In High School I judged Dairy Products for our FFA chapter. If you’ve seen Napoleon Dynamite, it was not quite that awkward, but it was close.
I will never forget the hardest lesson I learned from judging Dairy Products: never second guess my first reaction.
This lesson was learned when I thought I had completed a perfect score (something very few people are able to do), but had at the last moment second guessed myself, and lost my perfect score. It was a silly mistake, but…
Mistakes make us who we are.
I judged dairy products for 4 years, and learning from that one mistake made all the difference in the world. I learned to trust myself and my first reaction. I learned to not overthink a situation, and I was better for it.
So, mistakes make us who we are.
Now, as much as I would like to claim otherwise, I have made more mistakes in the time since my days as a “milk spitter”. I am still making mistakes. Most of the lessons on this blog have to do with mistakes I’ve made over the years. But making mistakes is not the point.
Learn from your mistakes. What missteps have you made in the past month? What can you learn from those shortcomings? What can you change as a result?
Making mistakes is human. Learning from mistakes is what sets leaders apart.
You’re going to make mistakes. Let them shape you into a better person.
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January 30 was when I started blogging regularly on this site. I started out because I had a simple idea I felt like I needed to share. (You can read more about that here.)
Today, we are nearing the end of June, which means I have been blogging consistently (for the most part) for five months.
If you’ve stuck with me so far, thank you so much. I have been advised not to watch my views and visitors, but I do it anyway. So, every time you click, I’m grateful.
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Once again, thank you for your time, for your encouragement so far, and for the days and weeks ahead. I think we are onto something great as we continue to help expand your leadership influence!
Very few things frustrate me more than feeling like my opinion does not matter. In fact, if I feel like someone is listening to what I have to say, I am generally okay with the outcome of a decision, even if it is not my decision.
I have seen this happen in rooms when planning summer camp. There will be a discussion, ideas being tossed about, and then I offer my opinion. Several times, I have offered a foolish or small-minded opinion or suggestion, and the conversation moved on. And I’m okay with that.
But the reality is that when I feel valued, I want what’s best for the situation.
The next question then becomes: if I feel that way when I’m not in charge, how am I treating people when I am in charge? Am I listening to those around me, or am I bulldozing ahead with what I want to do?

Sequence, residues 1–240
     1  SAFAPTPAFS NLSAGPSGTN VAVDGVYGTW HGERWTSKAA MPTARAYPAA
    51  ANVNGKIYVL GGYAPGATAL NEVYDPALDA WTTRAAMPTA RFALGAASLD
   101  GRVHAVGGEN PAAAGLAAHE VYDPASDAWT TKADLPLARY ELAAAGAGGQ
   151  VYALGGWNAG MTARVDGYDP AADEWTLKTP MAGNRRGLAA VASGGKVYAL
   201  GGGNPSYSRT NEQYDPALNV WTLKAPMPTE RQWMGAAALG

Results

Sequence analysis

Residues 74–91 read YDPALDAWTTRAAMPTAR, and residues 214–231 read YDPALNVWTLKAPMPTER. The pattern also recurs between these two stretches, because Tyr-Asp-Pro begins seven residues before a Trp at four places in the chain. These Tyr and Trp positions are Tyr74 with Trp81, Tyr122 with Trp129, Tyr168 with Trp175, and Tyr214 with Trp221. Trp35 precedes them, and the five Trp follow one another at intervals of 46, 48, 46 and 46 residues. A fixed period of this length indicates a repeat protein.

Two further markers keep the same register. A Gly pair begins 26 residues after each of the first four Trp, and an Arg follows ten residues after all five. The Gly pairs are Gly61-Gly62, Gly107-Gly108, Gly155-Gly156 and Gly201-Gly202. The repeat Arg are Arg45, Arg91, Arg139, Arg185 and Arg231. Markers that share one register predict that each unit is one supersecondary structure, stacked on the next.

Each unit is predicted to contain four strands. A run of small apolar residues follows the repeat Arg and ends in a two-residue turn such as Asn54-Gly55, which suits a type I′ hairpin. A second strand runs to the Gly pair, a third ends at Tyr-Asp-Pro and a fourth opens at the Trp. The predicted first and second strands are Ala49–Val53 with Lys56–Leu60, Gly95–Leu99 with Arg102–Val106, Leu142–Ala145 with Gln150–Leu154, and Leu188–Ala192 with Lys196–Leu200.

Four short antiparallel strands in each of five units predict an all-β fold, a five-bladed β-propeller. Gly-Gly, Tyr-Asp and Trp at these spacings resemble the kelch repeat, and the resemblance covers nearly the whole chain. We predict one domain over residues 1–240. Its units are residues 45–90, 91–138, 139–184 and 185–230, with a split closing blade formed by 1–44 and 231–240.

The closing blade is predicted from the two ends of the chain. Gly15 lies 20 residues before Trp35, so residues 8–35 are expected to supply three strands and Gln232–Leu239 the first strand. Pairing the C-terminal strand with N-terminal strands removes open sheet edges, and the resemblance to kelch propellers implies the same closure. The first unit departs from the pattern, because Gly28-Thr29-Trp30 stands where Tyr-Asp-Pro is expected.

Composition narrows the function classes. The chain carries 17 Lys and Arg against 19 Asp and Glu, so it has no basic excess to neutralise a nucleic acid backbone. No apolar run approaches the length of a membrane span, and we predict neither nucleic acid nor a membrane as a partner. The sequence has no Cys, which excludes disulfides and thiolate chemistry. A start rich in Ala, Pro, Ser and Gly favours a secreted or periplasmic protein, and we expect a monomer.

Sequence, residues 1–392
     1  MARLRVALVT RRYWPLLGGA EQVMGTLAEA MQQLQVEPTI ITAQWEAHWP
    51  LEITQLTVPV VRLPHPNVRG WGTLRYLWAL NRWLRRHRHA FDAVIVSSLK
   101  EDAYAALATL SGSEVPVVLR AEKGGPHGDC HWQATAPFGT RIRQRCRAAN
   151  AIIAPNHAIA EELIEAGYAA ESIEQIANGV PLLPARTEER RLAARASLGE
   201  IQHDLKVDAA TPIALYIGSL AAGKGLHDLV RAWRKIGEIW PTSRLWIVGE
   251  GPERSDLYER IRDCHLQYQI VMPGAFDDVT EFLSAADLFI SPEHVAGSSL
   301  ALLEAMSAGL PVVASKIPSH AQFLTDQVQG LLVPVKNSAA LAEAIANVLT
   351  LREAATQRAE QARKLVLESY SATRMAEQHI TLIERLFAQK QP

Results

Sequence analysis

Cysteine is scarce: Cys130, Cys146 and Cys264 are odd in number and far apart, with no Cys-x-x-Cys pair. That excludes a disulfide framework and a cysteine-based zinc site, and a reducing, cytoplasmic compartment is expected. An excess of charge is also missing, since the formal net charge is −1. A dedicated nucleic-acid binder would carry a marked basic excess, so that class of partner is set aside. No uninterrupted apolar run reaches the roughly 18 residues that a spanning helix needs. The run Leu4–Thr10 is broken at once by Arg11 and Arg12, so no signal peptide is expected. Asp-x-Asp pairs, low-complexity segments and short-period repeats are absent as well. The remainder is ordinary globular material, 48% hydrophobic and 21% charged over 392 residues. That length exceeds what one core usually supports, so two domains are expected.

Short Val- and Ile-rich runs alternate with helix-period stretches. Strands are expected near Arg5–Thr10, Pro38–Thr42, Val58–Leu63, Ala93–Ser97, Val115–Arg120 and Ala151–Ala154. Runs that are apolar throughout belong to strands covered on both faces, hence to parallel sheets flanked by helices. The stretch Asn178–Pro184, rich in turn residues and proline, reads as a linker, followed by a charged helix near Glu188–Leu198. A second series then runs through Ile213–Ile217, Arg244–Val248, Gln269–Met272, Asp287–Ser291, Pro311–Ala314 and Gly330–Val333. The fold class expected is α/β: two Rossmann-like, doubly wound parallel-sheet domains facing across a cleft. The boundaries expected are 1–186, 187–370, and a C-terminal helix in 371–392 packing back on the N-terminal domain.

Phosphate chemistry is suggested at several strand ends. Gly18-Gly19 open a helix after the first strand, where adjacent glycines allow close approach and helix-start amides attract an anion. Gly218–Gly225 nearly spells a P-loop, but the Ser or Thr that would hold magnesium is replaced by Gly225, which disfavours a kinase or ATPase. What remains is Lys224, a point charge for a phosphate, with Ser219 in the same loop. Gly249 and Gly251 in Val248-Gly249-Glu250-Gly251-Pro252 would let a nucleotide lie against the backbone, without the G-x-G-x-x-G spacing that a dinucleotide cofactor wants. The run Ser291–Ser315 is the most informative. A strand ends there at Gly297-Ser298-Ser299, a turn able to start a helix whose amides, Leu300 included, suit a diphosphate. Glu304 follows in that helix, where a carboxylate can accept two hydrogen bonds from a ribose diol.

The challenge of leadership is knowing the people you lead and learning what speaks to them. Leadership, therefore, is not something we do in a vacuum. On the contrary, leadership is very much a process focused on people.
How are you connecting with the people you’re leading? You don’t have to bow to their every idea, but find what motivates them and watch your leadership influence increase.
Leaders take notes. I know that I remember things better when I take notes. I know that when I take notes, I essentially have a record of my learnings that I can examine later and help cement what was happening.
But, I stink on the discipline side of taking notes.
Or, when I have a good idea, I’ll think to myself “this is a great idea! I’ll never forget this life changing idea!” When, in reality, the next day the idea has already been forgotten.
I know this is not a revolutionary concept by any means, but it is still a concept worth covering. Write things down.
I jump around on what I use to keep written track of my thoughts and ideas. I have used composition notebooks, Moleskine notebooks, a yellow legal pad (which is my current weapon of choice), and even small notebooks I had made for the ministry at my church.
Or sometimes I will use my phone to help keep track. My current app of choice is Wunderlist, although Evernote, the basic To Do App, and the Notes app on my iPhone have all gotten plenty of usage over the years.
The bottom line is this: find what works for you, and use it. You’re not me (thankfully), but the principle is true. If you want to grow in leadership, in productivity, in influence, in life, good things happen when you start to write things down.
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